Wednesday, August 22, 2012

Profile of a postpsychiatrist

Profile of Pat Bracken in Irish Times. Pat wrote Postpsychiatry with Phil Thomas. Postpsychiatry is one form of critical psychiatry.

I've always said that critical psychiatry can be understood without postmodernism. The split between biomedical and biopsychological approaches goes back to before the 1960s. The theoretical views of Adolf Meyer about the nature of mental illness are no different from those of critical psychiatry (eg. see my article).

My attempt to gain a profile for critical psychiatry was published in THES.

Sunday, August 05, 2012

Formulating psychiatric diagnosis

This post is prompted by a comment on a previous post suggesting that psychiatric diagnosis is unscientific and that formulation is a better alternative. I've nothing against formulation. As I indicated in a previous post, it's remarkable how a full assessment in psychiatry is too often seen as almost out-of-date. When I did my membership examination for the Royal College of Psychiatrists, I was asked what my formulation of a clinical case was. This was because it was recognised that assessment was about more than formal psychiatric diagnosis.

So, I do agree that formulation is better than unscientific psychiatric diagnosis that sees diagnosis as an entity or "thing" of some sort. But I have a wider understanding of diagnosis (see eg. my article). And I do see it as scientific to do a full assessment.

I recommend the book edited by Lucy Johnstone and Rudi Dallos on formulation on my book recommendations page. It's also worth looking at Lucy's Users and abusers of psychiatry  (see my review).

Saturday, August 04, 2012

Has the psychopharmacological revolution come to an end?

I don't know what to make of Peter Tyrer, the editor of the British Journal of Psychiatry, saying in his latest 'From the Editor's desk' that "The time has come to call an end to the psychopharmacological revolution of 1952". I pointed out in a previous post that he seemed to be agreeing with me about so-called 'remedicalised psychiatry' (eg. see another previous post). But surely this isn't an indication that critical psychiatry's time has come, is it?!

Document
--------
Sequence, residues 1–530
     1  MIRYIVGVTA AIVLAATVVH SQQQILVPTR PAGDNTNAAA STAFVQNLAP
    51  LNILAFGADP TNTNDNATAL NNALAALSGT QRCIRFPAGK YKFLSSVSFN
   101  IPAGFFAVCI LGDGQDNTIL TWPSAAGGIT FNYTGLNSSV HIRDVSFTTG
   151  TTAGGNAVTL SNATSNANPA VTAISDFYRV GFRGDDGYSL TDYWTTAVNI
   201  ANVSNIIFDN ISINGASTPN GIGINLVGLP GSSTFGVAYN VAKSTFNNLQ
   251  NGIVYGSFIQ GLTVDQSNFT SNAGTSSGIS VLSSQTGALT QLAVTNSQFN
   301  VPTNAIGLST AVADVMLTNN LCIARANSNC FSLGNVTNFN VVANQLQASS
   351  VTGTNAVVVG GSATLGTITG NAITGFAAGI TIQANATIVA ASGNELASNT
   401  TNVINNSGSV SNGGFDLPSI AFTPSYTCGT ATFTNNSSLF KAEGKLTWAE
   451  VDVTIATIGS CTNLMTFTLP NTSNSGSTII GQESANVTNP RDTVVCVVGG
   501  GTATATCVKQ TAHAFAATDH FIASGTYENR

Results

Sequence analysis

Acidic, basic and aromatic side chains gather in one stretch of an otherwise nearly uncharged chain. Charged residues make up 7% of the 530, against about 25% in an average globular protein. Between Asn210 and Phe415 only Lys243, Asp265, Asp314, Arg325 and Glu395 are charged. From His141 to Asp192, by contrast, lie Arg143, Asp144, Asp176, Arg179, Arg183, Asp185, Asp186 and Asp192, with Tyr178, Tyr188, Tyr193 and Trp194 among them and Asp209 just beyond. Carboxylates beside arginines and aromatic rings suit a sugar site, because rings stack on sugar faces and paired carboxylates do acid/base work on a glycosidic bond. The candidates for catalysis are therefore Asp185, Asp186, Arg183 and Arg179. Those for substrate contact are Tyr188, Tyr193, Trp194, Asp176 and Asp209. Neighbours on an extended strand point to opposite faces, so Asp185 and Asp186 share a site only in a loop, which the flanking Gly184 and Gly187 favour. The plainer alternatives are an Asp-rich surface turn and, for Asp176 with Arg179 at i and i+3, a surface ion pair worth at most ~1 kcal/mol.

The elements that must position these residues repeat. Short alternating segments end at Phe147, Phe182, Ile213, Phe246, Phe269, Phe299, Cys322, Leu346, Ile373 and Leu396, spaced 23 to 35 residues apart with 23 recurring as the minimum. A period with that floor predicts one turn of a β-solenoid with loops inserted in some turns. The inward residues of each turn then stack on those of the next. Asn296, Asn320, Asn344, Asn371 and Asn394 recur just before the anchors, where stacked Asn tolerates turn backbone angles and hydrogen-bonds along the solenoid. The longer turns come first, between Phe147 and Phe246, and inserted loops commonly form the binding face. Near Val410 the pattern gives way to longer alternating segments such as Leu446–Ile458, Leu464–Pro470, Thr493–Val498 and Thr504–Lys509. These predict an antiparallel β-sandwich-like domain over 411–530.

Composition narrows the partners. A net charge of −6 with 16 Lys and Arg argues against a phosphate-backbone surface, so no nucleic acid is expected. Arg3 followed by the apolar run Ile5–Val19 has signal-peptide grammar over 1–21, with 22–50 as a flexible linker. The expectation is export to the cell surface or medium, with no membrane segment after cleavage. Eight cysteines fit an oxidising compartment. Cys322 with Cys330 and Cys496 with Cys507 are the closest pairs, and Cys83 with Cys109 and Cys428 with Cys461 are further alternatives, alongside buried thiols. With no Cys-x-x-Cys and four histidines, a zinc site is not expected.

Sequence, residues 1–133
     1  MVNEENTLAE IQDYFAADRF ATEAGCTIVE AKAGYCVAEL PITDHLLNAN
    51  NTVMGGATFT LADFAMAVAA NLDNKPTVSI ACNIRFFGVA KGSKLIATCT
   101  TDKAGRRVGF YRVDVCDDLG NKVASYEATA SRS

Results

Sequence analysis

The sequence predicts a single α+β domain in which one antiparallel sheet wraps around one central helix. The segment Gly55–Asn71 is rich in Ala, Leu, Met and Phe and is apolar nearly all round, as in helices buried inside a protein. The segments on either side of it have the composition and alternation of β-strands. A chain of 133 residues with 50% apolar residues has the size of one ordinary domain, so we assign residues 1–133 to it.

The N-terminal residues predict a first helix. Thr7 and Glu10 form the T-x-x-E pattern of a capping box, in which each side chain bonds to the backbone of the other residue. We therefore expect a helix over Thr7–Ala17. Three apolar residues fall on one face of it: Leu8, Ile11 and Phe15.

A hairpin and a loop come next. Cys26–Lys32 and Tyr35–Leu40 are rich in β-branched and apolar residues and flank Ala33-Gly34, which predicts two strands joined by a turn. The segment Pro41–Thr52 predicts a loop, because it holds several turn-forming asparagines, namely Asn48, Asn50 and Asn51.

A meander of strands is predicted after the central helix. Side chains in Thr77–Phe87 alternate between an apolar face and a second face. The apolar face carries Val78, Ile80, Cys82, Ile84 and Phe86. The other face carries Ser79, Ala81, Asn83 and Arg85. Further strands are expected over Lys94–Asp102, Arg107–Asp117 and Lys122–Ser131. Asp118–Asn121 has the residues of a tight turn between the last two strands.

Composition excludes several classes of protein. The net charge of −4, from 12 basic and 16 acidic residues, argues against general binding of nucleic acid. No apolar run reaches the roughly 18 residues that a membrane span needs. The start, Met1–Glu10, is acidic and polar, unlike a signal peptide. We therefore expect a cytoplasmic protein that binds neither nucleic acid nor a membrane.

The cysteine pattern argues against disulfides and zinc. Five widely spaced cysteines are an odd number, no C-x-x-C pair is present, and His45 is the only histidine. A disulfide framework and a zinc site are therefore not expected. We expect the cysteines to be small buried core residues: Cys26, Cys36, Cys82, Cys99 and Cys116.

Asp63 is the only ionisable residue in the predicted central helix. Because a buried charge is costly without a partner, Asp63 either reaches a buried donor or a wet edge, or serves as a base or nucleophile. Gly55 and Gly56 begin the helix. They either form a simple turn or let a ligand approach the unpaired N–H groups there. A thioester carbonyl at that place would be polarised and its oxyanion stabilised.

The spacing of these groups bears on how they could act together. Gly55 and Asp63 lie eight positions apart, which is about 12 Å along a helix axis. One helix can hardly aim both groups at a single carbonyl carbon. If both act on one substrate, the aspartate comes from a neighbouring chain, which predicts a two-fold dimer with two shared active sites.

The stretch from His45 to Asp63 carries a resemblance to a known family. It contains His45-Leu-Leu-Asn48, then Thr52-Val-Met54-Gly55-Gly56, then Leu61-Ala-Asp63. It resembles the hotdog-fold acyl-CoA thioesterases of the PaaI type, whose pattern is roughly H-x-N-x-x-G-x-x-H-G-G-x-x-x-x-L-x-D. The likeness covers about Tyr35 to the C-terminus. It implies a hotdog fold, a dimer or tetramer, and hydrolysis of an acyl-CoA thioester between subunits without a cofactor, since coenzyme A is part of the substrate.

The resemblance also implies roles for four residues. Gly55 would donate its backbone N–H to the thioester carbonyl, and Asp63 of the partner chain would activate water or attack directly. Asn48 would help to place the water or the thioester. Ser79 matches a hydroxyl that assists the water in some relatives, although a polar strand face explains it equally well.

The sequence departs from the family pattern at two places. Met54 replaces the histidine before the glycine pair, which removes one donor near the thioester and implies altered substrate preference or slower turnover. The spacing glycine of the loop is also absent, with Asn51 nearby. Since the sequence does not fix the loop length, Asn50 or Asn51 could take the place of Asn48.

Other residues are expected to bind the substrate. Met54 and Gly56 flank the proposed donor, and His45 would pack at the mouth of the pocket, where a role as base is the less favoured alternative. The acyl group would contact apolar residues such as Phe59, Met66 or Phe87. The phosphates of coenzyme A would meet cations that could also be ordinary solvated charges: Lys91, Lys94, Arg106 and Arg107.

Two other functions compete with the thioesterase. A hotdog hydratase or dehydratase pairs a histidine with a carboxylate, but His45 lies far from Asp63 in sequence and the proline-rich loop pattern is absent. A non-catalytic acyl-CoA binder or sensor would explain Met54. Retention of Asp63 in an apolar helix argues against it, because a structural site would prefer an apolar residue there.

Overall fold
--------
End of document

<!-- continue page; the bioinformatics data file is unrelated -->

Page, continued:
Actually I don't think the psychopharmacological revolution is over. Biomedical psychiatry continues to reign supreme. For example, the British Journal of Psychiatry still publishes uncritical neuroscience editorials (see previous post).

What has inspired Peter Tyrer is an
editorial suggesting that the risk-benefit ratio of antipsychotics needs to be re-evaluated to facilitate informed choice and decision-making. It even suggests reappraising whether anti-psychotic medication must always be first line of treatment for people with psychosis. 

I'm sure proposals like this will be watered down. For example, I have already commented on a paper (see
previous post) that the editorial references that its authors say found "a smaller antipsychotic drug-placebo difference than we had intuitively expected". Those authors went on to publish a subsequent paper which they interpreted as showing that psychiatric drugs were just as effective as other medical drugs. They even seemed to label as anti-psychiatry attempts to interpret trial data in a critical way.

I welcome any indication that mainstream psychiatry is open to critical approaches, but I think we just need to be aware of the power of the biomedical myth (see previous post). Let's see where Peter Tyrer leads the British Journal of Psychiatry in what I guess must be coming up to his retirement as editor.